Monday, May 6, 2019

Oscar Got It Wrong!: Best Picture 1942

The Contenders:

49th Parallel
Kings Row
The Magnificent Ambersons
Mrs. Miniver (winner)
The Pied Piper
The Pride of the Yankees
Random Harvest
Talk of the Town
Wake Island
Yankee Doodle Dandy

What’s Missing

It’s rare, but every now and then I come across a year where I like all of the nominees, at least marginally. When it happens in a year with 10 nominations, that’s pretty surprising. Still, there’s plenty of room for improvements here, and there are a good half dozen films that I like better than several of the nominations. We can start with the ones that would never be nominated, which include Cat People and I Married a Witch. To Be or Not To Be, as a comedy, is right on the edge of potential nomination. In a year where a propaganda film won Best Picture, it’s a bit shocking to me that two of the best from World War II--Went the Day Well? and In Which We Serve--were skipped (although, to be fair, In Which We Serve swung a nomination the following year). For me, the big miss is Now, Voyager.

Weeding through the Nominees

10. I said at the top that I liked all of these films at least marginally, and of those that were marginal, Random Harvest was the most so. It features some very nice performances, but this is otherwise straight out of the syrup factory, about as glurgy as you’re going to find. For a propaganda film (and at some level, that’s what this is), it’s too drippy to be that interesting. The performances save it. I’ll take anything in the paragraph above over this any day of the week. It’s passable, but not nomination-worthy.

9. Kings Row is the film that fought with Random Harvest for the bottom spot, and part of that is because Ronald Reagan is one of the best parts of the film. This is another one that presses the pedal down on the melodrama and never really lets up until the final credits roll. The film isn’t bad, but it’s also one I wouldn’t call great, and not one that I would ever think to watch a second time. That complete lack of interest on my part is something that doesn’t speak well of a film’s chances to win Best Picture, and it’s what keeps Kings Rowout of the running.

8. Of the bottom trio of films, The Pied Piper is the one that is perhaps the most interesting. Is it supposed to be a comedy? Is it a propaganda film? Does it have a serious message? The answer to all of these questions is at least vaguely affirmative. The Pied Piper is far too short, though, and while the story that props it up is one that has a great deal of potential, not a lot is done with that potential. It’s one that could honestly stand a better treatment. I’d see this again, but I’d rather see it reimagined and with more depth.

7. Wake Island is, in some ways, the quintessential propaganda film. I don’t mean that it’s the best of the breed, but that it’s more or less the sort of thing that you think of when you think of propaganda films. The story is a good one, if stuck heavily in war movie clich├ęs. The big issue is the rather ridiculous use of stock footage. It’s one thing when the plane being shot down is a different one than is shown attacking. It’s a very different thing when the strafing Zero turns into a crop-dusting biplane.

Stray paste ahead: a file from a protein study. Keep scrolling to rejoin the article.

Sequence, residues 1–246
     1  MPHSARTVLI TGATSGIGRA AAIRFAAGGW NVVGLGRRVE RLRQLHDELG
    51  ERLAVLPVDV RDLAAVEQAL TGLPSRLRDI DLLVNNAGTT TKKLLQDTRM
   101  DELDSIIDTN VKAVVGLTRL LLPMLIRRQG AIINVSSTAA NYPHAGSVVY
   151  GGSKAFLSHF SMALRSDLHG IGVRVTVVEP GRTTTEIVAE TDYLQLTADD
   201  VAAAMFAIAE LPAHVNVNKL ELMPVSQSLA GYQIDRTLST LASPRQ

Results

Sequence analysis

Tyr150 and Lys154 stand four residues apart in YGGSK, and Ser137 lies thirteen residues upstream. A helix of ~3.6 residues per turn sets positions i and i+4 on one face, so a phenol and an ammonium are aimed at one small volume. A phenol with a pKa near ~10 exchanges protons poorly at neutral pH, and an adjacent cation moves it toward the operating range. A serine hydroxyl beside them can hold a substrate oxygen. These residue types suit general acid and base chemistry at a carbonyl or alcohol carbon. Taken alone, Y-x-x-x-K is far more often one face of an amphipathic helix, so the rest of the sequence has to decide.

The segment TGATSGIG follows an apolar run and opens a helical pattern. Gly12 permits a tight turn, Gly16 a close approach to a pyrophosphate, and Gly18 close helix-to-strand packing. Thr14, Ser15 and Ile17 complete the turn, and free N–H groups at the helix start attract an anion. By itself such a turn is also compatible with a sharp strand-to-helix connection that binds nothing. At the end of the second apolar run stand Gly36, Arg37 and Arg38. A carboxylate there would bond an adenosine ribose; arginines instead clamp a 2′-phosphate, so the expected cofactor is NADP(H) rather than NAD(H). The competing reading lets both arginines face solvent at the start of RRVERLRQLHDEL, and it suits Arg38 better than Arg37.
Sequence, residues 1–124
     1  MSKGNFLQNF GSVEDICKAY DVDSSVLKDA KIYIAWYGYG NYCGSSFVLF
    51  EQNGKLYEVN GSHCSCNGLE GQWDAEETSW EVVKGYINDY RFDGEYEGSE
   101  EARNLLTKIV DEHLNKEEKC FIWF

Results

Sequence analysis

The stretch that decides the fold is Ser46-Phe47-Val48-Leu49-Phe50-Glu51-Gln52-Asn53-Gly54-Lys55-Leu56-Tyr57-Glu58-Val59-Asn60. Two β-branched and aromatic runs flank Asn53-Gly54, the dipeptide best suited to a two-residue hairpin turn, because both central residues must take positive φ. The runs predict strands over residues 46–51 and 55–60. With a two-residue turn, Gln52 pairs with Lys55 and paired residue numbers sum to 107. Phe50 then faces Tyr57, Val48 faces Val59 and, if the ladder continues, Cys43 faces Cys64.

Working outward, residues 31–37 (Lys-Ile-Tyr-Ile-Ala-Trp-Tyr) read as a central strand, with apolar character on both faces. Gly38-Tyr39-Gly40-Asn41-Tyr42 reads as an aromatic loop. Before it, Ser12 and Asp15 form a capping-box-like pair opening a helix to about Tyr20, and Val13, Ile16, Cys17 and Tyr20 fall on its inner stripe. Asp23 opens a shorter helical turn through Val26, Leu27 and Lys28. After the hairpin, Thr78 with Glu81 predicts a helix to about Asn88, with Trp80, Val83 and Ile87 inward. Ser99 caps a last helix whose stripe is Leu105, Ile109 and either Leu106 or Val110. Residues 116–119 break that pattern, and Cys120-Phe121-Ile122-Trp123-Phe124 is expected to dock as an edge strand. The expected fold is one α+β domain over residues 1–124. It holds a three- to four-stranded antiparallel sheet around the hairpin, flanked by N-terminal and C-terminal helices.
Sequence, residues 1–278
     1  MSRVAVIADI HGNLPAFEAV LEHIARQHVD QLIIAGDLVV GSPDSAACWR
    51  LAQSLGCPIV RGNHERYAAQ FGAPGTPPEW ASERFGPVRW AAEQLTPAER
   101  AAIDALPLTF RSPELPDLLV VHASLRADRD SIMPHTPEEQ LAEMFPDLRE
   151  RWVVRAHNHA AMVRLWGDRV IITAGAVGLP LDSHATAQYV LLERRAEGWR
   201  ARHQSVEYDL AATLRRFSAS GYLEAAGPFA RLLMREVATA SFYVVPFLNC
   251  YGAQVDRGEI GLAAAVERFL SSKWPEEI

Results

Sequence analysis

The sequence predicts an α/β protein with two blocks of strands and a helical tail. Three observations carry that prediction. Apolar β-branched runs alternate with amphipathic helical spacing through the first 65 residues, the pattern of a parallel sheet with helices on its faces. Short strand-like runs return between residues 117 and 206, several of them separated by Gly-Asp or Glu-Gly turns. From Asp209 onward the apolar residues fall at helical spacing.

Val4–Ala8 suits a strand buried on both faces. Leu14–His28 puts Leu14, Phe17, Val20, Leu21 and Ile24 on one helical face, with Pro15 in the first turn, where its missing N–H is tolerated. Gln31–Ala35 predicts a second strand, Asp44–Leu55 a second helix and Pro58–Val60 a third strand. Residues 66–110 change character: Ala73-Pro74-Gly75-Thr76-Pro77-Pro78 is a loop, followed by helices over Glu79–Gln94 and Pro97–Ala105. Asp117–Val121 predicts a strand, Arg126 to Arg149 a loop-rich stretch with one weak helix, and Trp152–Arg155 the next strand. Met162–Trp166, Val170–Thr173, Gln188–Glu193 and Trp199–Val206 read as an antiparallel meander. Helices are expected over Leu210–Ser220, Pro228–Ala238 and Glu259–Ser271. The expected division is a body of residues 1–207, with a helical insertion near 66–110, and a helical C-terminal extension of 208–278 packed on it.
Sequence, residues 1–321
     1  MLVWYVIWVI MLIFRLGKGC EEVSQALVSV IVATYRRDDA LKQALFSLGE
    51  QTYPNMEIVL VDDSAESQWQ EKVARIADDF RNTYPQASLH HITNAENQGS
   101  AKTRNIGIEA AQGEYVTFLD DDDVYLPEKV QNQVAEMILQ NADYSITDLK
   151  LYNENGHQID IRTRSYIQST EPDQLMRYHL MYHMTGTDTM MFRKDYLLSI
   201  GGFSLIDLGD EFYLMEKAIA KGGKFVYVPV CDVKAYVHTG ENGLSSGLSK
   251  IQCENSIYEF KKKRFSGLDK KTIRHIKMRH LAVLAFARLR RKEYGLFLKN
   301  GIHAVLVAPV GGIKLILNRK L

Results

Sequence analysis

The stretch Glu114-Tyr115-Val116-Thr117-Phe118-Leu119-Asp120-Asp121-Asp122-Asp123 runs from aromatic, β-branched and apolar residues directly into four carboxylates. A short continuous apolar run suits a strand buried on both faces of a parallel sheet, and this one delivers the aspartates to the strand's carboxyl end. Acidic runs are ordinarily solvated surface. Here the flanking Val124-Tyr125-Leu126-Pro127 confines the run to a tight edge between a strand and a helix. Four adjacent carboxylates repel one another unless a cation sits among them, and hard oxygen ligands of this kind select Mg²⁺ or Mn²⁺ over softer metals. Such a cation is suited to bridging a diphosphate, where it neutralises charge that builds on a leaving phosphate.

6. Mrs. Miniver is a fine movie, and probably the one that the Academy and the American population needed to have win. It is a very good propaganda film, one that manages to capture the emotional privation of the war in England without really touching on the reality of the desperate food and supply situation. My placing it this far down is not a knock on the film at all. It’s simply that I like a lot of the other films from 1942 a lot more than I do this one. It’s a fine winner, and one impossible to object to completely, but for me, it barely scrapes a nomination.

5. Of all the nominations Talk of the Town, with its bonkers plot combined with, at one point, a rather serious discussion of the law, is the one that I’m surprised that I liked as well as I did. It’s a film that suffers pretty greatly from multiple-personality disorder in that it’s a comedy that has a very serious undergirding, or a drama with a screwball comedy plot. But it’s a film that manages to pull this off surprisingly well, in no small part because of a dedicated group of actors who give everything to make it work.

4. It’s a gutsy move in the middle of a war to make a movie where the only consistent characters from start to finish are the enemy, but 49th Parallel makes that work surprisingly well. It’s a good war film, but a very odd propaganda film because of this fact. It’s also odd in that it focuses on Canada, but seems very much to have been made for an American market. I’m not entirely sure what to make of it, although it clearly knows what it wants to be. I’m just not sure that what it wants to be is something that necessary. This is not, by the way, a dig on Canada or Canada’s effort in World War II.

3. Evidently, Yankee Doodle Dandy is so far away from the truth that, after seeing it, George M. Cohan quipped that the movie was good, but he wondered who it was about. Regardless of this, it’s one of the truly stellar performances from James Cagney back in his heyday, and a clear reminder that he could do more than just play gangsters. Cagney is by far the best part of the film, and, despite the wide gap between the film and reality, it’s a surprisingly entertaining film. Cagney won an Oscar for it, and honestly, that’s what the film really deserved.

2. While The Pride of the Yankees certainly has the story and the will to dip into melodrama, it manages to make that work far better than many movies. The problems with the film are more about the reality of Gary Cooper not being a lefty and not looking that convincing as a baseball player, and have nothing to do with the plot or the story being told. It’s a damn good movie, and one of the better baseball movies in American history. I wouldn’t have complained too much had it won.